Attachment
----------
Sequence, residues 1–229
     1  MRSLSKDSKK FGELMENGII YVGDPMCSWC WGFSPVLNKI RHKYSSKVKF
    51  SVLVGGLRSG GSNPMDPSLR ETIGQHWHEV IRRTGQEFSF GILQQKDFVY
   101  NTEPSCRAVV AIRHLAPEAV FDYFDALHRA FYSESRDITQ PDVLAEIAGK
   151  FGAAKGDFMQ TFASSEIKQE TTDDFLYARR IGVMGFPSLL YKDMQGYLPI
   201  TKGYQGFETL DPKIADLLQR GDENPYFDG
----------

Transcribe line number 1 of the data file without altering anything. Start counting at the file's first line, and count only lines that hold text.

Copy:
Sequence, residues 1–229